Regina city council’s best and worst of 2021

Ye olde bronze beast. Rooky Jegede

Councillors, reporters, and citizens, lend us your ears

2020 (and 2021) was a terrible year for any of us who were conscious, but in Regina, the one saving grace was the election of a new mayor and council. This included five new councillors, four of whom were endorsed by the Regina and District Labour Congress – people who, it was hoped, would support Andrew Stevens, who was, until then, the lone progressive voice in council meetings. With a new year starting, here’s a best and worst of Regina city council in 2021.

The best of councillors:

Dan Leblanc – Repping Ward 6, which includes Heritage, Eastview, and Al Ritchie, Leblanc, a lawyer who is arguably council’s MVP, has had several Best Of moments this past year.

In January 2021, Leblanc introduced an amendment to the city’s Sponsorship, Naming Rights, and Advertising policy that would see fossil fuel companies barred from advertising in the city. While the amendment failed (after a council meeting filled with hours of propagandizing from fossil fuel proponents like Craig Lothian) and Leblanc was fired without cause from Gerrand Rath Johnson shortly after, unlike John Findura, he never backed down, setting the tone for the rest of the year.

In April, after a brutal and disgraceful meeting about banning conversion therapy turned into a platform for hateful rhetoric, Leblanc apologized to Regina’s queer community, saying “I’m sorry that you’re not part of this city council that’s deciding fundamental rights about you…And apologies that these are the sorts of indignities that you have to suffer, without you here.”

In November, Leblanc proposed another amendment that would allow councillors to raise a point of order if they believed another councillor was disrespectful to city administration.

In December, Leblanc joined Andrew Stevens, Shanon Zachidniak, and Cheryl Stadnichuk in rejecting the $92.8 million operating budget for RPS, as well as drafting a motion to increase transparency at City Hall.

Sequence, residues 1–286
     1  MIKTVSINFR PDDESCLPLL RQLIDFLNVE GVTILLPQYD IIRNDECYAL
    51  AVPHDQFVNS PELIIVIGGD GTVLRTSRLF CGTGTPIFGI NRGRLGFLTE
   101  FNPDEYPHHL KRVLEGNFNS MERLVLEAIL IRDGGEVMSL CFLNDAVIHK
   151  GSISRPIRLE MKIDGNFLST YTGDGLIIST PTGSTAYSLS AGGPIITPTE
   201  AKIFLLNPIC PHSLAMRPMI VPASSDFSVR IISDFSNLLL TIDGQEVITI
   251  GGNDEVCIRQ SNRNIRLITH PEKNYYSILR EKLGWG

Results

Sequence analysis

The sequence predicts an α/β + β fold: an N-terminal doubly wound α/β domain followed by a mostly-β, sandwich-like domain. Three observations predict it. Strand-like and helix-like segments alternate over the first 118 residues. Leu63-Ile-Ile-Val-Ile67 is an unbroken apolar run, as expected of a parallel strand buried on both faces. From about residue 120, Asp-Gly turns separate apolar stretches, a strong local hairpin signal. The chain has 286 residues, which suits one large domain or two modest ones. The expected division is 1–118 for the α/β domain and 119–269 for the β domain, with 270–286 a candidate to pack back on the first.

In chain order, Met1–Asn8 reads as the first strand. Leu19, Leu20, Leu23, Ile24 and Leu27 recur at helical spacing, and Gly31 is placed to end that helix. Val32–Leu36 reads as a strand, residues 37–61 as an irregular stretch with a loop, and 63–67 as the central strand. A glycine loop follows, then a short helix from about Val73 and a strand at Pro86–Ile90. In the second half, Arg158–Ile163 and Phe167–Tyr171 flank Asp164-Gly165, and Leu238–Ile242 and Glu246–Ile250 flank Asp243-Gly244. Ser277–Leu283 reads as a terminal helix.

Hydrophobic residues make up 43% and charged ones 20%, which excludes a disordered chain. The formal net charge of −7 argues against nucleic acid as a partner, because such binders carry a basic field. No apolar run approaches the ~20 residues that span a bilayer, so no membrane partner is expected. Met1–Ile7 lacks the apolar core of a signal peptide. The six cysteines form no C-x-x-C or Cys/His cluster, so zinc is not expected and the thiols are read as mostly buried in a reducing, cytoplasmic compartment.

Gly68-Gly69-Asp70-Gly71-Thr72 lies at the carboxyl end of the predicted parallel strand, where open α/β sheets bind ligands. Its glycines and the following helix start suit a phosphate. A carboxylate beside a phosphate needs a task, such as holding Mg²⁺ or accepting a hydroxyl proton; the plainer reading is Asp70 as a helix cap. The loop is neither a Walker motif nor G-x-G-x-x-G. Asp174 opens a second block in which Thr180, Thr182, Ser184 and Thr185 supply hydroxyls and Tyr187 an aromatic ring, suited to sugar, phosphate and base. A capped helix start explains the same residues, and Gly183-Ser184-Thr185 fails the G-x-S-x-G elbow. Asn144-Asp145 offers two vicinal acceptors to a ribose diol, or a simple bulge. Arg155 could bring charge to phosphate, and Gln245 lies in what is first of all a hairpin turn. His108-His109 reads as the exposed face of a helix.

Honourable mention: Cheryl Stadnichuk

The best of reporters:

Paul Dechene: City Hall reporter for the Prairie Dog and one half of the Queen City Improvement Bureau, Dechene live tweets (sometimes rage tweets) most council meetings at @PDCityHall. Clever and acerbic, with something of a bend to the left, Dechene’s column and feed is a must-read if you’re wondering what’s going on in Regina.

Honourable mention: Also Paul Dechene

The best of citizens:

Florence Stratton: A local activist and retired English professor, Stratton understands the assignment. From homelessness to the police budget, if council is debating something, Stratton can be counted on to be there with her gravelly Bea Arthur voice, fighting for the underdog.

Kale MacLellan: A Cree, Saulteaux, St’at’imc and Scottish mother, MacLellan is soft-spoken but packs a heavy punch. She’s a frequent presenter before council and consistently shows up wherever people are in need, from Camp Hope to Defund the Police movements to mutual aid groups.

Honourable mentions: Rebecca Granovsky-Larsen

The worst of councillors:

Terina Shaw: Shaw is one of the five new candidates, and the only one who was not endorsed by the RDLC. She represents Ward 7. Shaw, who has spent the past year calling Councillor Andrew Stevens “Councillor Andrews,” has been relentless and unwavering in her commitment to being the worst person on council, as well as the councillor most likely to be ratioed on Twitter.

In January 2021, Shaw said, “My belief is until you turn off your heat and ride a bike you have absolutely no room to talk against fossil fuels,” literally becoming the meme about wanting to change society somewhat.

In an April 2021 meeting about conversion therapy, Shaw came close to conflating queerness with pedophilia (she later apologized for her comment coming out “the wrong way”).

In December Shaw asked municipal treasure Florence Stratton, who was speaking against the police budget, if she would put a price on her children’s lives. Shaw has also been consistently anti-poor, and that same month she argued that people can easily live off $860, that “money doesn’t fix money problems,” as well as asking, “what about the people who want to be homeless?”

Honourable mentions: Landon Mohl, John Findura; Lori Bresciani


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